Our dietary advice of the week #29: Eat fruit, yes but how much?

Our dietary advice of the week #29: Eat fruit, yes but how much?

“Eat at least 5 fruits and vegetables a day” : this message launched by the National Health Nutrition Program (PNNS) in 2001 is now known to all. However, only one in four French people respects this recommendation. Moreover, if the expression is well known, it is not necessarily well understood. Fruits are essential to a balanced diet, but there is no question of eating them at will either because they are also rich in sugar. Of the minimum 5 servings of fruits and vegetables to be consumed per day, it is advisable to eat a maximum of 2 or 3 fruits. Because a fruit contains on average 12% sugar, the equivalent of 4 sugar cubes per serving.

Overall we consume too much sugar, but this excess comes more from sweet products (pastries, confectionery, sodas, etc.) than from fruits, which have their place in a balanced and varied diet. Because in fruits, there are fibers, vitamins, minerals and antioxidants, which means that sugar will not have the same negative effects as white sugar added in processed products.
The sugar in fruit is mostly fructose, a simple sugar that needs to be processed in the liver before it can be used as fuel or stored as needed. It has a higher sweetening power than white sugar and a much lower glycemic index (20 against 70). If fruits are not recommended for anyone, obviously, you have to be careful in case of diabetes, and make sure to eat them during meals. In case of irritable bowel, it will be wise to know the fruits richest in FOPDMAP’S and to adapt according to its digestive tolerance. And in case of hypertriglyceridemia, it will be better to move towards the fruits with the lowest sugar content (red fruits, citrus fruits) and limit yourself to 2 servings.

What about fruit juices?

The experts are unanimous, fruit juices do not count as a serving of fruit. They are classified as sweet products, to be consumed occasionally and favoring homemade pressed fruit juices. In the form of juice, some of the fiber and vitamins disappear, and since they are not chewed, the juice does not promote satiety. A glass of orange juice (200ml) provides the equivalent of 4 quickly assimilated sugar cubes (high GI), just like a soda.

What about fruit in syrup and compotes?

The fruits in syrup are canned, so they have lost their vitamins, and are bathed in a syrup that is therefore rich in sugar. They are therefore classified in the category of sweet products. As for compotes, it all depends! Homemade or store-bought no-sugar-added compotes can count as a serving of fruit. But we vary over the day, if we had a compote for lunch, we will prefer a whole fruit for dinner for example.
And in the case of a homemade compote, we are talking about the equivalent of an individual portion, ie 100g.
Also be careful not to confuse “no added sugar” with “reduced sugar”. In the latter case, the addition of sugar is reduced, but there is still some. Only frozen fruits have almost the same nutritional benefits as fresh fruits (especially if they were frozen quickly after harvest), but the texture is not always great. It is the red fruits that come out the best. better frozen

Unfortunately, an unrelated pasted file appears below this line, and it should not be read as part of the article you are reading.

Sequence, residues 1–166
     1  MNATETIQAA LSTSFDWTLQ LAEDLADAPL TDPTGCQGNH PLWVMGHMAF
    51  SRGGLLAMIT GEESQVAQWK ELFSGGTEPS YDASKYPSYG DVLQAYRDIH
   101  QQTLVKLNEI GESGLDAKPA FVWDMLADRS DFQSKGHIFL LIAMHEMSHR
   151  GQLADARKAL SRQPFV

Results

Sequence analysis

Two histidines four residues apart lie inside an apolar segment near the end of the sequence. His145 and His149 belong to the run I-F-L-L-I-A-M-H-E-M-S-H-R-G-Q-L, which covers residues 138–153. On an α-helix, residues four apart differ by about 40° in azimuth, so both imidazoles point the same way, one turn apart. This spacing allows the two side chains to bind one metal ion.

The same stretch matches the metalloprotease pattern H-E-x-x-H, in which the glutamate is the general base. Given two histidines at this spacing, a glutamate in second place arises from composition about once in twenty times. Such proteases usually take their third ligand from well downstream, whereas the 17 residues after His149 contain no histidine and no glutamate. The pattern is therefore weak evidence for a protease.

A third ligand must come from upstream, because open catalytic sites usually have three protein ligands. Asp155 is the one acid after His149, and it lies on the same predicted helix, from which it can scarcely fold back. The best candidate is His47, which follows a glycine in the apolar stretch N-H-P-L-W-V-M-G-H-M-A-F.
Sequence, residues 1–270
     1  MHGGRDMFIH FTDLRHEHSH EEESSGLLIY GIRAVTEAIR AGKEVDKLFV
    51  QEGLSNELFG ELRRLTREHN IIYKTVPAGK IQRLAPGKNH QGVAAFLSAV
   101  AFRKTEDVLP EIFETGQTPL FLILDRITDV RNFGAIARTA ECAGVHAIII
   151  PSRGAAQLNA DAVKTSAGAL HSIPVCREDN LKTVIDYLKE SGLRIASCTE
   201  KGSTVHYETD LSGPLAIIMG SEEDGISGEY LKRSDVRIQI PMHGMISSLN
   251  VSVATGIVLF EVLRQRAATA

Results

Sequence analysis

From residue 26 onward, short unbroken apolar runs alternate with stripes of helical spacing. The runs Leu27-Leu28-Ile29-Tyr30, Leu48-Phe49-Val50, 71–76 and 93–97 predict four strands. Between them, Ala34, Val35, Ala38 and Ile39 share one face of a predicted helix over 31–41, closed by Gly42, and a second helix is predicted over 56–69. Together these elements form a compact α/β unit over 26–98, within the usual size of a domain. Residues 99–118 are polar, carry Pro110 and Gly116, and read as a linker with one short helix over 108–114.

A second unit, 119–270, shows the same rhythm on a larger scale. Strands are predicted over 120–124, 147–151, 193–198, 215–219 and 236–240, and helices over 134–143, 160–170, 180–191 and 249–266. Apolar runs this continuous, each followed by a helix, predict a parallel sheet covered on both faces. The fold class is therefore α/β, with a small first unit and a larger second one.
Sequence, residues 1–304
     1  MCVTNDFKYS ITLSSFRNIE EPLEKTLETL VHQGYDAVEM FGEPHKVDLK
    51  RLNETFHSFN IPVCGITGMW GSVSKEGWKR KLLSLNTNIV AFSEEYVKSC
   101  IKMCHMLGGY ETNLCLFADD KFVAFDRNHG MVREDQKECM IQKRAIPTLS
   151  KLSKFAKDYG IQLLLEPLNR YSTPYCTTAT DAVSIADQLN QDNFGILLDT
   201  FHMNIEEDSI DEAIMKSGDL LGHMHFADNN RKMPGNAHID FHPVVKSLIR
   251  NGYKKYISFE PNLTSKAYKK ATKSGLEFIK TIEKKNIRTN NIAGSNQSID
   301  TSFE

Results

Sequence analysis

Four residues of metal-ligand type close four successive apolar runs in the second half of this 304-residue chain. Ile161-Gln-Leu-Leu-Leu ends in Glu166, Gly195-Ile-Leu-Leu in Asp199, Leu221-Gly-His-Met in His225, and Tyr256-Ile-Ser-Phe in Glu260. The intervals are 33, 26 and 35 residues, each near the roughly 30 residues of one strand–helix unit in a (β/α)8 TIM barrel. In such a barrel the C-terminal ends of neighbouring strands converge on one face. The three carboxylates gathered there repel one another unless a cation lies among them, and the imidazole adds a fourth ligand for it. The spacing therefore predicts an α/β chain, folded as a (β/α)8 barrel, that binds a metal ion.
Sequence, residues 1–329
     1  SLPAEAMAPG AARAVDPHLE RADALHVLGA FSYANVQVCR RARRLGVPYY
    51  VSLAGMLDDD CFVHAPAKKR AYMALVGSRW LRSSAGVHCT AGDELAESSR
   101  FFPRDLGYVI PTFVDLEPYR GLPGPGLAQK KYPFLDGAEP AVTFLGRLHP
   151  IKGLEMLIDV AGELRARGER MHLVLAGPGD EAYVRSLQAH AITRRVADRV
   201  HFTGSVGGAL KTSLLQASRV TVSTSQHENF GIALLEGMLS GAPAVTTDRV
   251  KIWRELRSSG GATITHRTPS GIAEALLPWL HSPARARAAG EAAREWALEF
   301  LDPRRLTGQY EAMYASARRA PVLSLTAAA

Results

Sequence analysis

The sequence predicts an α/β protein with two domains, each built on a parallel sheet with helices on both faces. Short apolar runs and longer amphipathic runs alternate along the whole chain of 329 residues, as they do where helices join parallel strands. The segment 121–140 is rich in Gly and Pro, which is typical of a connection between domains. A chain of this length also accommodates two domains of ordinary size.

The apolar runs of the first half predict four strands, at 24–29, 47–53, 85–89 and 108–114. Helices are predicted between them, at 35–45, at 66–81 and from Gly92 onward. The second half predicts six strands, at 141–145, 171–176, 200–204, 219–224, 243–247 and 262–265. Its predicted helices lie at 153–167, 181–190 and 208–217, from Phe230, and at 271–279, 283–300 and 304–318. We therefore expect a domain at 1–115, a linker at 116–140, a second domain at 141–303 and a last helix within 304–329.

When they are dried, what does it change?

Dried fruit contains only 25% water on average, compared to 85% for fresh fruit. As a result, they are very concentrated in nutrients, especially fiber and minerals, but also in sugar. The average sugar content increases from 12 to 50%. On the other hand, vitamin C is destroyed during drying. This is why their consumption must remain moderate (1 handful of raisins in a muesli in the morning, for example). They are very interesting for athletes because they provide them with quickly available energy, as well as various minerals, or in case of constipation for the fruits richest in fiber such as prunes.

Recipe idea: Vanilla strawberry rhubarb verrine
For 4 people Preparation: 15 min Cooking: 30 min
300g peeled rhubarb
40g sugar
200 g strawberries
0.7 sachet of vanilla sugar
lemon juice
Wash and peel the rhubarb and cut into even sections. Wash the strawberries before hulling them.
In a saucepan put the rhubarb into pieces with the sugar, vanilla sugar and a little lemon juice. Cook over low heat for 15 minutes.
Add the cut strawberries and return to cooking for 15 minutes. Leave to cool and place in the refrigerator.
Arrange in cups or verrines. Decorate with a few fresh strawberry petals and a mint leaf

About Anne Manteau
Your well-being is at the heart of its support in respect of your body, your morale and your social life. “My ambition is to help you (re)discover the pleasure of eating, thanks to attentive listening throughout your follow-up. »
Her website: https://www.anne-manteau-dieteticienne.fr/

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